July 31 – Once In A Black Swan

Today’s factismal: Countless astronomers and armchair pedants notwithstanding, there is no such thing as a “blue moon”.

If you’ve been watching the news or reading just about any popular science news feed today, then odds are you’ve been told that tonight’s full Moon will be a “Blue Moon”. As is so often the case, that is both true and false.

The Moon, with Mare Imbrium and Mare Frigorum clearly visible (My camera)

A truly Blue Moon
(My camera)

First the true part: by the definition that NASA and many other astronomical groups use, tonight’s full Moon will be a Blue Moon because it is the second full Moon in a calendar month.  And now for the false: the second full Moon in a month is called a blue Moon thanks to a misunderstanding of a Farmer’s Almanac article that used the term for the third moon in an astronomical season with four full Moons. (Getting complicated, isn’t it?) So basically, we have a “rare phenomenon” that is neither rare nor really a phenomenon; it is just a modern description that we use to make something seem more interesting than it really is.

The Moon, with Mare Imbrium and Mare Frigorum clearly visible (My camera)

The Moon, with Oceanus Procelarum and Mare Frigorum clearly visible
(My camera)

And the sad part is that there are lots of things about the Moon that are more interesting than we think. For example, when you go out to look a the full Moon tonight, take a long gander at the big black splotch that’s looking back at you. That’s Oceanus Procelarum, or the Ocean of Storms. It was named by Giovanni Riccioli, a Catholic priest who liked galileo’s results but not his methods. To “punish” Galileo and his friends for making fun of Church doctrine, he used the names of those who supported the heliocentric universe for the craters nearest Oceanus Procellarum. And it marks one of the largest outflowss of lava anywhere in the Solar System. That big white blotch on the eastern side of the stormy ocean? That’s Copernicus Crater, named for the chief heliocentricist and all-around troublemaker; those long white streaks are bits of lunar rock and dust that were thrown out when the asteroid slammed into the Moon and formed the crater.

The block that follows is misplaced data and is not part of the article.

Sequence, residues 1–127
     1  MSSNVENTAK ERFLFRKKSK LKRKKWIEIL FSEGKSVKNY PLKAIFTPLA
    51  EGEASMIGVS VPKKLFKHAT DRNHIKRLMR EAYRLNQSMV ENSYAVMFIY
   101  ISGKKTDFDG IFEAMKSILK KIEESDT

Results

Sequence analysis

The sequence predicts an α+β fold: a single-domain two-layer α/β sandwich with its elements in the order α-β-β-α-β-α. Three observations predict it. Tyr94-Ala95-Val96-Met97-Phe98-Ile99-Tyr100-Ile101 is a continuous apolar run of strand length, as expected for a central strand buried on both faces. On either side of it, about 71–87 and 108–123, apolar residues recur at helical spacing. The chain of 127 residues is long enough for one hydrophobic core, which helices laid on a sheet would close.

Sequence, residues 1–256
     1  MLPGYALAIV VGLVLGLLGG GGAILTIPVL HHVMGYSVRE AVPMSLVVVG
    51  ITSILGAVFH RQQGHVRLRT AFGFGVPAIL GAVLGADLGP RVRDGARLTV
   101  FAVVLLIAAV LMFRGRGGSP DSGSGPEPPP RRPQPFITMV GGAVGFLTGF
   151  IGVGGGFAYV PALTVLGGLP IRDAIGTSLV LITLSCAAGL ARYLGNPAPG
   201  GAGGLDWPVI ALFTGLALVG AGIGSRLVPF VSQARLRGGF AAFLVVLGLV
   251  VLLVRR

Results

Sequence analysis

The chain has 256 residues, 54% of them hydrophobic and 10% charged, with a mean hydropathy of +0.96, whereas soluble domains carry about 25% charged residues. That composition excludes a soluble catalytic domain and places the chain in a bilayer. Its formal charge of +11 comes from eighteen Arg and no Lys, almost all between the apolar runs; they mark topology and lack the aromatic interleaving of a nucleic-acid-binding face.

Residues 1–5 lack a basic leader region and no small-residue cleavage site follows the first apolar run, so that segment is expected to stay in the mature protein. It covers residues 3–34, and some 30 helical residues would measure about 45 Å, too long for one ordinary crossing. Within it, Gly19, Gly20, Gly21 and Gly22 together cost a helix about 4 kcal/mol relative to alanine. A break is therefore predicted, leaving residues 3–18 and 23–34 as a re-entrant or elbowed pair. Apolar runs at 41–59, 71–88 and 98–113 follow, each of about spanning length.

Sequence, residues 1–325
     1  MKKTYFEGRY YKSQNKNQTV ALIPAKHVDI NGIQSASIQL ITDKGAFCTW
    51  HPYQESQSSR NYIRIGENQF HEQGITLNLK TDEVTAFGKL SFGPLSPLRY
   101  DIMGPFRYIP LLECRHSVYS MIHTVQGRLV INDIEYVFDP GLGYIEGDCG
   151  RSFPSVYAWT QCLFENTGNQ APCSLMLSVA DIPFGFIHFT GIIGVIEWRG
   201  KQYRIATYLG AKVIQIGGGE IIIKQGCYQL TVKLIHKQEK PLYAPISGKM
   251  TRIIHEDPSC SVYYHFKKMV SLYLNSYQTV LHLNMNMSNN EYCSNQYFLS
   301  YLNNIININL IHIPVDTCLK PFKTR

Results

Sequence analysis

Shepard collects samples from Fra Maurro (Image courtesy NASA)

Shepard collects samples from Fra Maurro (Image courtesy NASA)

If you’d like to learn more about the Moon and maybe even help name a few of the features, why not head over to Moon Zoo? Thanks to today’s we much better telescopes and lunar-orbiting spacecraft, there are lots of high quality pictures of the surface. And you can use those images to identify and name things on the Moon. If you’d like to take part, then head on over to the Moon Zoo:
http://www.moonzoo.org/

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